The squaw, whose husband and only son had fallen in 
war, claimed the captive, and adopted him as her son. 
Slie was destitute, and so infirm as to be unable to walk. 
Hayes, in addition to minor duties, was compelled to provide 
for her sustenance and fuel. He administered to her wants, 
and devoted to her the kindest attentions, — and she, in 
return, evinced her gratitude, by calling him her so7i ! He 
lived in this family about five years ; and although, during 
this time, he fared better, perhaps, than most Indian cap- 
tives, yet existence, in his then condition, had for him but 
few charms, and the future unveiled to his view no cheering 
prospect. tHe was in bondage, compelled to adopt the 
customs and modes of life of savages, and was deprived of 
almost every comfort deemed necessary by civilized people. 
Besides, he could entertain no reasonable hope of being 
restored to his home and kindred — and more than all, his 
life was at the mercy, whim, or caprice, of savage masters. 

One of the tasks imposed upon him, in the winter season 
was to draw upon a sled his Indian mother to such places 
as she wished to visit, and especially to the feasts and coun- 
cil assemblages of her tribe. Upon occasion of a " dog 
feast," which, by the usages of her people, all were expected 
to attend, he proceeded with her, in this manner, until, 
ascending a hill which was steep and slippery, he found his 
strength, when put to its utmost power, barely adequate to 
make any headway. By perseverance and exertion how- 
ever, he was enabled to reach nearly the summit of the hill, 
when he slipped and fell ; and either by design, or inability 
to hold on, left the sled, with its mortal load, to find the 
bottom of the declivity without a pilot — secretly wishing, no 
doubt, that her appetite for riding would be cured by this 
trip. In this perilous adventure, the sled struck a stump 
near the foot of the hill, which capsized the squaw, who 
was severely injured by tbe fall. Whether an accident or 
not, Hayes professed much sorrow for the disaster, and 
managed the affair so adroitly, that he escaped every impu- 
tation of blame, and continued to retain the confidence and 
good opinion of the Indians. 



Slioitly after this event, he was sold to a Frenchman in 
Montreal, through the agency, it is said, of a Papist priest. 
His new master was kind, and allowed him many of the 
necessaries, with some of the luxuries, of life, of which he 
had been so long deprived. Learning that Hayes was by 
trade a weaver, he started him in this business, and by 
allowing him a share of the profits, Hayes was enabled, in 
the course of about two years, to earn money enough to 
purchase his freedom. The good Frenchman not only 
emancipated him, but supplied him with clothes, provisions, 
and a half breed guide to conduct him safely through the 
warring tribes on his journey homeward. The guide pro- 
ceeding with him as far as Mount Holyoke, pointed out to 
him the smokes of his friends, " the pale faces," wished him 
a happy return to his family, and departed, in another direc- 
tion, to wend his way back to Canada. In about twenty-five 
days after leaving Montreal, Hayes had the happiness to 
reach his home, and to exchange hearty greetings and con-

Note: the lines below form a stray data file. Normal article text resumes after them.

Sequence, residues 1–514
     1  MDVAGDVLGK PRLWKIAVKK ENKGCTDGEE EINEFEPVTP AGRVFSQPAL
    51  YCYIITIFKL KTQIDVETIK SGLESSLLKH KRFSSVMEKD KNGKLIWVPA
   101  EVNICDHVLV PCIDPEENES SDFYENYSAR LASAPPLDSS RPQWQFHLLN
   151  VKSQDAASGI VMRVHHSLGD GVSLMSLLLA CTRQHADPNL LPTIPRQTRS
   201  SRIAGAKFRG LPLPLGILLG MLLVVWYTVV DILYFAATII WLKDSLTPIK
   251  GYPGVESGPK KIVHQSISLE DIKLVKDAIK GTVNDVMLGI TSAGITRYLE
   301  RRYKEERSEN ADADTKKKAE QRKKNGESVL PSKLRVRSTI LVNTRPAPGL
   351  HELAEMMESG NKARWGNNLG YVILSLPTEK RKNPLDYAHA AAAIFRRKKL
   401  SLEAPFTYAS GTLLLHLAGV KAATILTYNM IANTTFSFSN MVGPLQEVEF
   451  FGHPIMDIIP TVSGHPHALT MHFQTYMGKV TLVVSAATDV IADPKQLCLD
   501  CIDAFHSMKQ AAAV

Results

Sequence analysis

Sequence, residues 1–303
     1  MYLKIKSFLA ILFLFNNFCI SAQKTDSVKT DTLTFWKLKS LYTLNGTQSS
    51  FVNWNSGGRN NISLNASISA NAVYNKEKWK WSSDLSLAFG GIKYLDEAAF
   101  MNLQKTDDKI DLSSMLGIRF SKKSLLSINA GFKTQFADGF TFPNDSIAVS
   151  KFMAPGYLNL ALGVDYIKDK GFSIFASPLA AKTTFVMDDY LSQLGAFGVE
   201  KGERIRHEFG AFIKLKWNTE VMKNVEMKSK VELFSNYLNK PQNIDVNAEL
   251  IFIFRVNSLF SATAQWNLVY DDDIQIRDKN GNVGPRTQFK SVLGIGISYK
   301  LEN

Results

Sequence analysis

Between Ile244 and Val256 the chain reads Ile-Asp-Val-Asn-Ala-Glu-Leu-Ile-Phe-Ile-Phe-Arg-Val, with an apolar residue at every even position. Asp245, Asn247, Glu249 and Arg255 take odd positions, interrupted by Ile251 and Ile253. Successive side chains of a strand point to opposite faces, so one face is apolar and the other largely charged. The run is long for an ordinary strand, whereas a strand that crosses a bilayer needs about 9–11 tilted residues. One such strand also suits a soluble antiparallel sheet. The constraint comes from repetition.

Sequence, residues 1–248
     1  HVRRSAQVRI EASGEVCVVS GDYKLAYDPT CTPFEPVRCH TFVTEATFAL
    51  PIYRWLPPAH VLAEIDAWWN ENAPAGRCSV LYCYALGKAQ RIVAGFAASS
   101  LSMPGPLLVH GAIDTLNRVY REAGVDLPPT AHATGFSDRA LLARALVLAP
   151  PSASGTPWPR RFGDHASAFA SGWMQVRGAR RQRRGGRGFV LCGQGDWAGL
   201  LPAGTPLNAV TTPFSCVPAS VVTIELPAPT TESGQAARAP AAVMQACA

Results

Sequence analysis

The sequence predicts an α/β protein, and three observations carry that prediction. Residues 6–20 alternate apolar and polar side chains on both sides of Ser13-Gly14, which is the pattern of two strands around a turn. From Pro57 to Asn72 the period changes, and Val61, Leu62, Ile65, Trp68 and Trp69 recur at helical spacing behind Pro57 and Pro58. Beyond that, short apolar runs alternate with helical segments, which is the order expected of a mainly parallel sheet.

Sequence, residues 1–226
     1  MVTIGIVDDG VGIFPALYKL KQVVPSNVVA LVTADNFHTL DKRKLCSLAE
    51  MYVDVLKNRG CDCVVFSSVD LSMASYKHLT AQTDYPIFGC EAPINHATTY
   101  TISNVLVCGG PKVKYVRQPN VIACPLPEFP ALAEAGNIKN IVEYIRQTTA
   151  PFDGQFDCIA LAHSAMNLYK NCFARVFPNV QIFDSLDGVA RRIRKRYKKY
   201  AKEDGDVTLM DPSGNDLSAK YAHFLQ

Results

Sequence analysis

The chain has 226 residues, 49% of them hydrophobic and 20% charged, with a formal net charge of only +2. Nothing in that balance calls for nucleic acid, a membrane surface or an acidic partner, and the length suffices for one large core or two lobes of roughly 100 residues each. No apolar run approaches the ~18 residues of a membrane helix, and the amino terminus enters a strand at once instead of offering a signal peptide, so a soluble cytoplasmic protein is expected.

gratulations with his friends, to whom he appeared almost 
*' as one raised from the dead." 

Thus, after an absence of about seven years, the captive 
was restored to freedom, a home and a happy circle of rela- 
tives and friends. He had heard nothing from his family 
since his capture, nor had they received any tidings of him, 
though they either knew, or had good reason to suppose, 
that he had been taken and carried off by the Indians. His 
friends had llattered themselves, for a long while, that he 
would be spared to return to them, but his long absence had 
extinguished every vestige of hope, and he had for some 
time been given up as lost. 

With buoyant spirits, renovated courage and unshaken 
resolution, he set himself to the task of making up for the 
lost time he had spent with the Indians. His constitution, 
naturally robust, had suffered nothing by his long captivity, 
and his ambition had lost none of its fire. He mariied, 
settled down upon a farm, and within a short time, became 
a thriving agriculturist. In 1720, he built a house which 
is now standing, and is the oldest building in town. It is 


situated on the east side of Salmon brook street, in the lower 
or southern part of the street, and is at present owned by 
Mr. Henry Gillett. In this house religious meetings were 
held during- some four or five years before the erection of 
the first meeting-house in that society, in 1743. 

Mr. Hayes became a prominent citizen, was often em- 
ployed in civil affairs, and during many years, was a pillar 
in the church at Salmon brook, of which he was a member 
at its organization. He lived to see the infant settlement, 
so long exposed to Indian barbarities, a populous village, 
with no crafty enemy to disturb its repose, and strong enough, 
had danger existed, to protect its inhabitants from plunder 
or capture. But, long before his death, all Indian difficul- 
ties had ceased. 

He died in 1756, at the age of seventy-one, and was buried 
in the cemetery at the north end of the village. A red free- 
stone monument marks the spot of his last resting-place, on 
which is inscribed the following epitaph : 



Who served his Generation in steady course of Probity and Piety, 

and was a lover of Peace, and God's Public Worship ; 

And being satisfied with Long life, 

left this world with a Comfortable Hope of life Eternal, 

Sept. 3d, 1756, 

in ye 71 year of his Age.